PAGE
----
Rest -- My view is that rest is good in the very early days and first few weeks of developing patellar tendinitis when there is inflammation. However, at some point, strengthening exercises, such as straight-leg leg lifts, should be added, to reduce the likelihood of muscle atrophy. I also believe that walking should be kept to a minimum in the early days of tendinitis. However, once tendinitis morphs into tendinosis after many months, rest won't serve any useful purpose and certainly won't cure longstanding tendinopathy.

Acupuncture -- I had too few sessions to likely make an informed opinion. However, I can say that a few sessions certainly did not work for me. Furthermore, while it may be possible for acupuncture to relieve some pain, it does not get at the root cause of the problem. It certainly won't cure the underlying pathology.

Ibuprofen and other anti-inflammation drugs -- Perhaps I had some very short term minor pain relief, but no long-term benefit. Taking too much of these or taking them for too many days can lead to significant negative medical complications, as well.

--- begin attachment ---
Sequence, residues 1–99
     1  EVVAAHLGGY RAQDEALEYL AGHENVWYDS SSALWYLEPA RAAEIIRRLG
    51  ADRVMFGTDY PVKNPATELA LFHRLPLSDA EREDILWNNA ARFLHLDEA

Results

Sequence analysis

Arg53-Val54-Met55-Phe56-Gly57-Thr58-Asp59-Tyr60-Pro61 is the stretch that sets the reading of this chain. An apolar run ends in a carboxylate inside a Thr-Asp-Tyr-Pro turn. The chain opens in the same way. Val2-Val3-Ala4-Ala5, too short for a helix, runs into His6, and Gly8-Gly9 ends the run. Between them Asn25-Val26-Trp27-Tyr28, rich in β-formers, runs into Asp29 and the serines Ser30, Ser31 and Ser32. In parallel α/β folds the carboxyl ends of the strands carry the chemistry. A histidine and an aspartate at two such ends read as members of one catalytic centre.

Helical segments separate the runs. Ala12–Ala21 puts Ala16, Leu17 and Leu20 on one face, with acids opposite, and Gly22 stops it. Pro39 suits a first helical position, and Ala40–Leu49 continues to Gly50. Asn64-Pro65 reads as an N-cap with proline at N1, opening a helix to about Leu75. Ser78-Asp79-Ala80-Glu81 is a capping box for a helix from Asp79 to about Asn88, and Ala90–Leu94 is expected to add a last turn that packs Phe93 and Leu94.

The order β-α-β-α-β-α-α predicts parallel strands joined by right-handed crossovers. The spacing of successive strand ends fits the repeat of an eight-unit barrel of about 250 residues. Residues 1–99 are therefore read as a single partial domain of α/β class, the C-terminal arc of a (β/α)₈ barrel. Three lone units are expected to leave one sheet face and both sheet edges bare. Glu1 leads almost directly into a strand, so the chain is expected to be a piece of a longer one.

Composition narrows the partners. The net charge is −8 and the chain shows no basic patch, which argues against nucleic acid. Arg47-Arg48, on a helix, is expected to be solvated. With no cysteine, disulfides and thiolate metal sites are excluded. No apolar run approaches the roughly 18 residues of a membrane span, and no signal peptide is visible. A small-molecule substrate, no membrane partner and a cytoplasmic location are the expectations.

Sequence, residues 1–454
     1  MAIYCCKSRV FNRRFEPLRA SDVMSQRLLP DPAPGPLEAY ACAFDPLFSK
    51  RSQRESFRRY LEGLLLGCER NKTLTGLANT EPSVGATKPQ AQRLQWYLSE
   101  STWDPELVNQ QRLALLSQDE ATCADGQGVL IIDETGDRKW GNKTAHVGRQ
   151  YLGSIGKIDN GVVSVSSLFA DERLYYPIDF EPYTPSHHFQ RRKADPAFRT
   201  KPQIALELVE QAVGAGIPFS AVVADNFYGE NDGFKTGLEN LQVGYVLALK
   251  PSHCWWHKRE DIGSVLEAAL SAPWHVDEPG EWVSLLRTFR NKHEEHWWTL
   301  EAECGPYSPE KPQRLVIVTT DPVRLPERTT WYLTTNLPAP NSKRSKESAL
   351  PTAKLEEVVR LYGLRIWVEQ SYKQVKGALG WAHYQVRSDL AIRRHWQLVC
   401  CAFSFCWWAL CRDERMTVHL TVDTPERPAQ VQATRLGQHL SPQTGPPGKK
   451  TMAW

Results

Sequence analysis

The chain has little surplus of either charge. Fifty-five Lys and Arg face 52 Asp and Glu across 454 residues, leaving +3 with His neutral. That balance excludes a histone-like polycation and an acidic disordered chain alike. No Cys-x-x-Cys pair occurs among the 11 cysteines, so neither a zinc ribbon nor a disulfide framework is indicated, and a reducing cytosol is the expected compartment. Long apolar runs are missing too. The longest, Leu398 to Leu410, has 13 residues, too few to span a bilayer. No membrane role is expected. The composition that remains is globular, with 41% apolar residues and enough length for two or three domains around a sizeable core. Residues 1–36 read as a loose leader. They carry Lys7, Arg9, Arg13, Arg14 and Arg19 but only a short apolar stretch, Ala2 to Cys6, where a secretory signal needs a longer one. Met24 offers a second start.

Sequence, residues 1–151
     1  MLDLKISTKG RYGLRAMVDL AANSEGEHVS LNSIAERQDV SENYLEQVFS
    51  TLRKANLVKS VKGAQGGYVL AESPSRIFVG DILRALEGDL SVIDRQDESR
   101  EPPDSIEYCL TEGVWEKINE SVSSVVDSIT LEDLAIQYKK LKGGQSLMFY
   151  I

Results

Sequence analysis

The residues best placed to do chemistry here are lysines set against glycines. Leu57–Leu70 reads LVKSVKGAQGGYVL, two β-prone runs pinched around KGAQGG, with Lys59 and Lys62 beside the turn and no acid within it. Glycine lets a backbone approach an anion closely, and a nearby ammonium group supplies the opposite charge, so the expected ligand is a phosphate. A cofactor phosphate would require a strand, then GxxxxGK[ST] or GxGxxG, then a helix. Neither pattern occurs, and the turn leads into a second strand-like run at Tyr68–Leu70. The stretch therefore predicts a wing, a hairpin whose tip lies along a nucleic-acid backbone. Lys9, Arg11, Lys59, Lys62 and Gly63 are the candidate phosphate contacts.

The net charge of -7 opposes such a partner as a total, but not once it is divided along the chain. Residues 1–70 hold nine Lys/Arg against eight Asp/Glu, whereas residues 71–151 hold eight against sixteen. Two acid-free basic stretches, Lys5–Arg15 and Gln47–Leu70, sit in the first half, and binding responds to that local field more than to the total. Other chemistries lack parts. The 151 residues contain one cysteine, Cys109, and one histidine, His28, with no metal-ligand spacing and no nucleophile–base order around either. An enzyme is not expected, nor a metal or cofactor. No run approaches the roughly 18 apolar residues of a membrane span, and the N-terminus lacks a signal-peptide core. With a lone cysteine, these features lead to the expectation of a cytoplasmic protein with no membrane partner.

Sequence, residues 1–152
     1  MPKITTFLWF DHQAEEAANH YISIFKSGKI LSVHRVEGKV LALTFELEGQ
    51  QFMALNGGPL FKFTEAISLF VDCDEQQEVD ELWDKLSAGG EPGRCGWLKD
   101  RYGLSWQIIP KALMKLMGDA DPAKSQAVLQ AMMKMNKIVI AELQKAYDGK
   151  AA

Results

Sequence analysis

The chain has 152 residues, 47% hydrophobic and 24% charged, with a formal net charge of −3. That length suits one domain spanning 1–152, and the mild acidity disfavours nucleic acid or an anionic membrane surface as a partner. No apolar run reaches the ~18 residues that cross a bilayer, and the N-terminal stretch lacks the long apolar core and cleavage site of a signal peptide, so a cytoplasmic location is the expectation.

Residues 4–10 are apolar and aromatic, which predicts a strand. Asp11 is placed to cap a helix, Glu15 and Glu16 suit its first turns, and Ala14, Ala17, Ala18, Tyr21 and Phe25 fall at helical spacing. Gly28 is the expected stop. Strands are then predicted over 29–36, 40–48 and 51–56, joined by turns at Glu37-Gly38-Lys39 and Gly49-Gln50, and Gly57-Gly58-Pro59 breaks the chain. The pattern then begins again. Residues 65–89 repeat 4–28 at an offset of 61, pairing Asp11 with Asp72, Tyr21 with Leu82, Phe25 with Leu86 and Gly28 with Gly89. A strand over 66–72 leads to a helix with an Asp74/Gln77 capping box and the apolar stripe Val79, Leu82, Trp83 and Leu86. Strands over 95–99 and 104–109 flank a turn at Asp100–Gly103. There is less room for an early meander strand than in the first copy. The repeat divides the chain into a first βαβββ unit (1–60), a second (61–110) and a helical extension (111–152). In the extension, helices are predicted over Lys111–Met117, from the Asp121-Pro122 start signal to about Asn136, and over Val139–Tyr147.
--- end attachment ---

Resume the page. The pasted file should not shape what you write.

Ice -- During the early phases of acute tendinitis, ice can help reduce inflammation and pain. But, once the inflammation is gone and one is left with tendinosis, ice probably won't help except for providing a very short term benefit of pain relief. There likely won't be any long-term benefit. I believe that too much prolonged icing can lead to other problems, such as changes in skin and possible nerve damage. I used to ice religiously, but now I don't ice after doing my eccentric exercises. After experimenting with and without ice, I find no need for it.

Knee taping -- This provided some short-term pain benefit, but it certainly wasn't a long-term solution. Having to reapply tape every few days and ripping the tape off was not a real long-term solution. Furthermore, walking up and down stairs wasn't very possible at times because of the position of the tape.